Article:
The Banksy Tour of Bristol

Banksy Tour Route

Possibly Bristol’s coolest export (along with Massive Attack and Portishead), Banksy’s darkly political stencils have catapulted  him to a level of stardom previously unheard of for a graffiti artist. His art is peppered all over Bristol, from Clifton all the way down to Eastville, conveniently spread out in what is more or less a straight line. Thus the Banksy Tour was born.

Different websites offer different routes, some stretching all the way out to the most faded, little-known sketches on the outskirts of the city. However, being students, the majority of us don’t have access to a car. With this in mind I’ve drawn up a more compact version, showcasing the most central (and most famous) of Banksy’s work.

 

 

 

 

 

1. We start with the ‘Mild Mild West’ piece on Stokes Croft, a fitting place to begin a tour of Bristolian culture. The mural features a teddy bear throwing a Molotov cocktail at the police, and has probably been here for around nine or ten years. In 2009 it was restored after being vandalised with red paint.

2. Next, head down Jamaica Street to the BRI and children’s hospital. Standing uphill and looking back in the direction you came from, you can see the stencil: a sniper preparing to fire, with a boy standing behind him about to pop a paper bag.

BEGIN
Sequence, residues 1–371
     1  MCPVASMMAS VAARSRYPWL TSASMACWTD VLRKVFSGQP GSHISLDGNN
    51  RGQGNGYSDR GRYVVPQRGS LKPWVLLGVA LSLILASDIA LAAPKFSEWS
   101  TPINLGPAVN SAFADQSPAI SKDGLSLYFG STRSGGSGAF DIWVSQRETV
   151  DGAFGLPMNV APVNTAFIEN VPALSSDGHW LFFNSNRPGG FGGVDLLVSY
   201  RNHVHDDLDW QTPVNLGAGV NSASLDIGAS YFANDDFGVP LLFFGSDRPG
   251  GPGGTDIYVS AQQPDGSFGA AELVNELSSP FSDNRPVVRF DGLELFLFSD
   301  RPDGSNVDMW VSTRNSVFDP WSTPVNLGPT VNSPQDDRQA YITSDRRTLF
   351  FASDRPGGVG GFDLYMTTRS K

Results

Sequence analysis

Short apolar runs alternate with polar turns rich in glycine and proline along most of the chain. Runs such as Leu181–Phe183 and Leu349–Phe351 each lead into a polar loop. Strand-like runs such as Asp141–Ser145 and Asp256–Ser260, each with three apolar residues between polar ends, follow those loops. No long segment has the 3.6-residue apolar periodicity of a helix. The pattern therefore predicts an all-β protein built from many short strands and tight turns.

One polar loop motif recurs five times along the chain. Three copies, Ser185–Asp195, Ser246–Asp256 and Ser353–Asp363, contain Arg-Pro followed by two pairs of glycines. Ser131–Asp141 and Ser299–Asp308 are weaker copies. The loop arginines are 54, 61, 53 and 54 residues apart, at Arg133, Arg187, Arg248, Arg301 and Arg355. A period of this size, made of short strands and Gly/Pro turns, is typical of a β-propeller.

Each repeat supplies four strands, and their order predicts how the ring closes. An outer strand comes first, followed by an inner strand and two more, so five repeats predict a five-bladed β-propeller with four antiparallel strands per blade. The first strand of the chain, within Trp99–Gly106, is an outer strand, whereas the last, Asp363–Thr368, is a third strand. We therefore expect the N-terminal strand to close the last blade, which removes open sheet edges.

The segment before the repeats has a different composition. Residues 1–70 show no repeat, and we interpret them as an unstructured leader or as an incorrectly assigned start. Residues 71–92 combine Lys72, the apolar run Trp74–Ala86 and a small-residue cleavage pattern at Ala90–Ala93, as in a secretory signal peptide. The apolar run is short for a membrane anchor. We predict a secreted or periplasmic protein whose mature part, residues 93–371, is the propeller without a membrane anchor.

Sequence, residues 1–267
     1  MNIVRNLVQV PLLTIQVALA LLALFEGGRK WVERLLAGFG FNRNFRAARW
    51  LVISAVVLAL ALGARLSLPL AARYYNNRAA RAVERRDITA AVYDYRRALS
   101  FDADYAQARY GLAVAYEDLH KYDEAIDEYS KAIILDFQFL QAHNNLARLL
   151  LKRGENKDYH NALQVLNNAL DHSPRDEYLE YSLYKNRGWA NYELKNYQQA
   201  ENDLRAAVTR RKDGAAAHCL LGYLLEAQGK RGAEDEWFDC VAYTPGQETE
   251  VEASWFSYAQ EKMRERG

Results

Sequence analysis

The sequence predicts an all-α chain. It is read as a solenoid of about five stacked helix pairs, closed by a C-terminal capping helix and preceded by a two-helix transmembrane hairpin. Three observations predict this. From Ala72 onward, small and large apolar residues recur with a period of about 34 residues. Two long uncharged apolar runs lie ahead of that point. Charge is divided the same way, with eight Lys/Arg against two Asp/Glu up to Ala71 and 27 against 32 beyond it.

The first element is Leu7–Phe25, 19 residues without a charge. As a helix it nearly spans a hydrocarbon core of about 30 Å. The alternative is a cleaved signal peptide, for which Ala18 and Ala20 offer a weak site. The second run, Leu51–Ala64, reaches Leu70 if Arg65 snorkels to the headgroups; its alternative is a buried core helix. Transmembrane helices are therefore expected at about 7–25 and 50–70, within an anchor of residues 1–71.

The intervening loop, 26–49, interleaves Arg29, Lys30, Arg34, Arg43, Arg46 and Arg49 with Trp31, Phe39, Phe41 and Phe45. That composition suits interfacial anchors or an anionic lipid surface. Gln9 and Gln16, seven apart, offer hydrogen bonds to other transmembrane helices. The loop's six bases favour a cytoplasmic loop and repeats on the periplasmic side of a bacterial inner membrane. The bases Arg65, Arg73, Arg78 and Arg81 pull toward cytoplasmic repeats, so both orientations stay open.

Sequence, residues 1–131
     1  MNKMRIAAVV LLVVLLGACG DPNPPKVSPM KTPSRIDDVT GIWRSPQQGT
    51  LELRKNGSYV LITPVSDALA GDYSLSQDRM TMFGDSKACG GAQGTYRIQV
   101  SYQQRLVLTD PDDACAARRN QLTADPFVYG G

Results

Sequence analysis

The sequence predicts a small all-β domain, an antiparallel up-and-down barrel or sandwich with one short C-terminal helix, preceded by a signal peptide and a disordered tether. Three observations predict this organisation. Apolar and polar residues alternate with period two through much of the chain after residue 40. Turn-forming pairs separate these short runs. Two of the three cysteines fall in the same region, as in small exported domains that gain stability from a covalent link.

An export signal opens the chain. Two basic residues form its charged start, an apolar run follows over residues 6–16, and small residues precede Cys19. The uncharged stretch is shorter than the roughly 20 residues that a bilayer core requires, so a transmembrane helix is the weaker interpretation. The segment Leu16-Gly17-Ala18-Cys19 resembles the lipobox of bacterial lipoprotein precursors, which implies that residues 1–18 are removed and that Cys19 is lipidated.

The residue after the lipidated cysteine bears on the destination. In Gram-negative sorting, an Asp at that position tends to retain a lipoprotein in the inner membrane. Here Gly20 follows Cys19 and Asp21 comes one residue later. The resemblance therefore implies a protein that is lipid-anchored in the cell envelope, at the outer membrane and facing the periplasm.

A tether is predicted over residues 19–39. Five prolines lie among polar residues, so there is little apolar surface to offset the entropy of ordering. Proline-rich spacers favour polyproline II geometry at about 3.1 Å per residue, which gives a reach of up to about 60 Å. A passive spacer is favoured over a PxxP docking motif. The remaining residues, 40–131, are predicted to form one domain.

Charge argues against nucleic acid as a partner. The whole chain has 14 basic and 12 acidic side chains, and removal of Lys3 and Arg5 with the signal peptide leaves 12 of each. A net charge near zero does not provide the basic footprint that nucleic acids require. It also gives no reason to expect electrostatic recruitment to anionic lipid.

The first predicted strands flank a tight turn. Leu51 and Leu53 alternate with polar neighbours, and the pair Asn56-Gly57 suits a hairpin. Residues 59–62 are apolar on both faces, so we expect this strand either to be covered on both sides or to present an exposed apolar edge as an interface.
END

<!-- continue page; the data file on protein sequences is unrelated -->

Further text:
3. We’re getting into student territory now, so chances are you’ll be seeing this one on a regular basis. On the side of a sexual health clinic on Frogmore Street(at the bottom of Park Street) is a picture of a man hanging naked from a window, while his lover’s husband looks out.

4. Moving down to Bristol harbour, this stencil is best viewed from the other side of the water. The image of the grim reaper in a boat, painted onto the side of The Thekla, is said to be based on a 19th century drawing named ‘The Silent Highway Man’.

 

If this tiny snippet of Banksy’s work has captured your interest, why not tackle the full tour? You can find a handy map of every single piece of Banksy graffiti in Bristol here.

Written by Lucy, Bristol.

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